Understanding Your Mindset Around Money

Photo by Dylan Nolte

Photo by Dylan Nolte

I really enjoy being married to an interior designer. There are a lot of perks: We spend a lot of our time engaging with the culture in whatever city we find ourselves in. Nearly every industry party is impeccably designed with delicious food. The bins and bins of fabric samples mean I have access to thousands of potential pocket squares. Since so much of my wife's work relies on being inspired, we’re constantly looking for beauty in the world. 

But of course, there is another side of the coin. She has enough inventory for a small store which is diametrically opposed to my philosophy around stuff. Her ideal for our home will always be a moving target. And I used to be blissfully ignorant to even the smallest design faux pas, but now I find it harder and harder not to be critical.

It’s interesting how my mindset towards aesthetics have shifted over time. 

As I piece together my idea of myself, I take into account things I hadn’t before, like how people see me and how I see myself in the world. Things that felt like they were “nice to haves” have started to feel more like things I find myself feeling entitled to. And that sense of entitlement has shifted my thoughts, behaviors, feelings and standards. I have different expectations; from regular life experiences to the quality of the work I put out. 

To sum it up,  I’m going to quote Tony Robbins. He says,"If you don’t set baseline standards for what you’ll accept in your life, you’ll find it easy to slip into behaviors and attitudes and a quality of life that’s far below what you deserve.”

What you believe about money impacts your relationship with it.

I’m not so naive as to think that having a positive attitude about money is the one thing you need to counteract systemic inequality and crushing poverty. 

What I am saying is that if you’ve come from poverty, and you’re trying to thrive in a system with profound inequality, the first thing you need to do on your journey out of poverty is to understand your mindset around money.

It’s a foundational part of getting your money right. For example, if you believe rich people are entitled assholes and you think people who become wealthy turn into raging dickheads, you probably won’t want to become that person or associate with them.

What is a money mindset?

Your money mindset is your core beliefs and attitudes about money and how it works in the world.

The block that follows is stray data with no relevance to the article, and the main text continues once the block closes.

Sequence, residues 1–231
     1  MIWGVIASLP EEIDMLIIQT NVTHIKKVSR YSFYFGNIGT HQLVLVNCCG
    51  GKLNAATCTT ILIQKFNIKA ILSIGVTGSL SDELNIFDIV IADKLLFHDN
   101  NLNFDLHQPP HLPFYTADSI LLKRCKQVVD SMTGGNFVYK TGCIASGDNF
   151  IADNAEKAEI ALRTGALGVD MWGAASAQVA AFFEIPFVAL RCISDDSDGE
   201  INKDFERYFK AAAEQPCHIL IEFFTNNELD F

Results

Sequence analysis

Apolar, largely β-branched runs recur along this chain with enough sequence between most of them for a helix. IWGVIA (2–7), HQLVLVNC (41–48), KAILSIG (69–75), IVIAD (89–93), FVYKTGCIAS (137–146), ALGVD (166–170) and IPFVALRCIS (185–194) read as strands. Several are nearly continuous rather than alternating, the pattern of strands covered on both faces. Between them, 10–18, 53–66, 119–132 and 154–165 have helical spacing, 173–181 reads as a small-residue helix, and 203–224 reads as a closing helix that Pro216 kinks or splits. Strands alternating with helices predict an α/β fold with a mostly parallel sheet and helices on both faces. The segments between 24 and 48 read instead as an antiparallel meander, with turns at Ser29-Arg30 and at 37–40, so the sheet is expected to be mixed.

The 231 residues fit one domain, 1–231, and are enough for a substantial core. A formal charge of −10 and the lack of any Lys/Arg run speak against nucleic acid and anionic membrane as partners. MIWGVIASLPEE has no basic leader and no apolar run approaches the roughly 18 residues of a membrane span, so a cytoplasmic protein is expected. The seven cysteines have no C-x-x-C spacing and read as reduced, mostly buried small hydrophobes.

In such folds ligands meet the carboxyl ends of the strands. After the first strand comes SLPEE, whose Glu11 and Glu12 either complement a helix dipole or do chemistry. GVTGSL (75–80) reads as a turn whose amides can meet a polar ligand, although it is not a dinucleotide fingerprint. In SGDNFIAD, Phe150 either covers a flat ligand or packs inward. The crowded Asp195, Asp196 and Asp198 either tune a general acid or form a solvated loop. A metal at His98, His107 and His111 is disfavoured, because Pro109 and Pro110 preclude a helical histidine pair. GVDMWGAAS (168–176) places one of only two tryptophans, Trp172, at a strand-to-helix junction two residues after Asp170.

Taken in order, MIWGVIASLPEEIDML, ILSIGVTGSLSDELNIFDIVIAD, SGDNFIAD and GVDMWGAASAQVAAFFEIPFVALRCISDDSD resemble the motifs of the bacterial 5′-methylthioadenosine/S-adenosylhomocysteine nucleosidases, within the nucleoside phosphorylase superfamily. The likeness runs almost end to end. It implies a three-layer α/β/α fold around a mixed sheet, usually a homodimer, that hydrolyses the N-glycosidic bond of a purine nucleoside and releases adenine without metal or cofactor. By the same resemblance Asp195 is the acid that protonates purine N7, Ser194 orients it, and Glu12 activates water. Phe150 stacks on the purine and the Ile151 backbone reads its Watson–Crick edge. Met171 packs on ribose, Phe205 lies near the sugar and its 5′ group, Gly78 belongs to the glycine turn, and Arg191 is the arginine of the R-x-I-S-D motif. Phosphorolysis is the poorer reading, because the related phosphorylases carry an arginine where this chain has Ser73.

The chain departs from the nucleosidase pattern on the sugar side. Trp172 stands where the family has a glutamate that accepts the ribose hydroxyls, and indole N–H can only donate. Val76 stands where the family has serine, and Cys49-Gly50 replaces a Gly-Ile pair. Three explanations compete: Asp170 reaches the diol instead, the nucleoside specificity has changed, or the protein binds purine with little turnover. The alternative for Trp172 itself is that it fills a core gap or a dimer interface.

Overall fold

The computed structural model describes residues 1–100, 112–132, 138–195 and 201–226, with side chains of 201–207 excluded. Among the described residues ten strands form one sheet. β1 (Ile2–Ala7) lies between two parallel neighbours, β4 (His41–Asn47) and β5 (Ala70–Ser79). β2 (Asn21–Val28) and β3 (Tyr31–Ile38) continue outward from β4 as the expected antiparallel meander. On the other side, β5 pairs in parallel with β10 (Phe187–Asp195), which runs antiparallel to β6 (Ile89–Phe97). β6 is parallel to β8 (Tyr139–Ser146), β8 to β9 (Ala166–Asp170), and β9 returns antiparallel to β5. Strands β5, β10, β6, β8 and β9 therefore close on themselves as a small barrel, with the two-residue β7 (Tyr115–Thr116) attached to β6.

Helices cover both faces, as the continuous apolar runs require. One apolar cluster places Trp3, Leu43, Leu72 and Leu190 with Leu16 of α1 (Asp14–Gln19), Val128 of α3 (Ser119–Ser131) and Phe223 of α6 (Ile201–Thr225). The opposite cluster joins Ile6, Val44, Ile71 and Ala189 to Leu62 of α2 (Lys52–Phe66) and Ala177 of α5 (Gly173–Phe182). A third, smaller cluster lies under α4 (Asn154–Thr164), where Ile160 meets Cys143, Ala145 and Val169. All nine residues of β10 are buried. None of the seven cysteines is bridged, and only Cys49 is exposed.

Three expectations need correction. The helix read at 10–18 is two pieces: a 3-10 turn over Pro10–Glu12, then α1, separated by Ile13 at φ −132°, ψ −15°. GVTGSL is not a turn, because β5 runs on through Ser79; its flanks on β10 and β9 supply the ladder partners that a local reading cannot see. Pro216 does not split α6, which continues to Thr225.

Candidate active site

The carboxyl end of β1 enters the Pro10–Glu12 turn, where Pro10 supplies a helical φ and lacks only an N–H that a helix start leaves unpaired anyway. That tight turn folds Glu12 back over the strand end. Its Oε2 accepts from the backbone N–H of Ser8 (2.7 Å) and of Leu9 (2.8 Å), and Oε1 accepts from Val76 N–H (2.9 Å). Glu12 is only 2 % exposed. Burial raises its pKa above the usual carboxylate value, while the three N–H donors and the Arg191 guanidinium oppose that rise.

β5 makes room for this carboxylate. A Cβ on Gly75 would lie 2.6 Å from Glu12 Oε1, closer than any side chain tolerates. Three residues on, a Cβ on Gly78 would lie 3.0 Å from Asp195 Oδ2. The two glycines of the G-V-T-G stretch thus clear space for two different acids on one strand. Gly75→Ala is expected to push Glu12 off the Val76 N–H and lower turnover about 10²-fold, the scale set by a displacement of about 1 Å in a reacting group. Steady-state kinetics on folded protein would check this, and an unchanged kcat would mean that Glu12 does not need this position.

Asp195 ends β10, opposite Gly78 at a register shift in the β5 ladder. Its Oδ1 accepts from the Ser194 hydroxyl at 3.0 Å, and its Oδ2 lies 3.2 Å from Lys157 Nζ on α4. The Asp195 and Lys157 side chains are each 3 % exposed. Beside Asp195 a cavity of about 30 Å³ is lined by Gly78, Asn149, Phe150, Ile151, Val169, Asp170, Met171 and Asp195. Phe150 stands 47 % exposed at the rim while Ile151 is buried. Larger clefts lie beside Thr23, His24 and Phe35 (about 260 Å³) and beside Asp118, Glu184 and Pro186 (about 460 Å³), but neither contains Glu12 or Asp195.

Your mindset is a unique snowflake based on your personal experiences, what you’ve observed in the world around you and your interpretation of your observations.

Your mindset is your attitude about money. It shapes how you think you can and cannot use money. 

Your mindset determines how much you think you can earn and how much money you’re entitled to. It shapes how much you think you can spend on yourself, your family and your friends. It dictates how you use debt in your life, whether or not you choose to invest and if you give money away to charity.

what is a mindset?

How does your mindset get formed?

Just through living, yo. You observe and internalize experiences and messages about money through your parents, family, caregivers, friends and your community. 

All you have to do is watch a little kid’s mind get blown by something and you’ll see them absorbing and forming their beliefs about something.

The narratives you pick up from the people around you have a big impact on how you see the world. 

When I was a kid, there was this chiropractic practice that my family passed by on our way to and from lots of places. It always had hilarious displays of a dummy chiropractor working on a dummy patient. So I asked my mom what a chiropractor was and she explained the best she could, but ultimately couldn’t hide that she kind of thought it was a scam. Because of that belief that I never questioned, I didn’t go to a chiropractor until I was in my 30’s and even then, I was skeptical because I was associating this type of practice with Scamy McShiesters. Even when I feel better after going to the chiropractor, I still think, “Maybe it worked or maybe it was something else.” I still haven’t totally shaken my beliefs.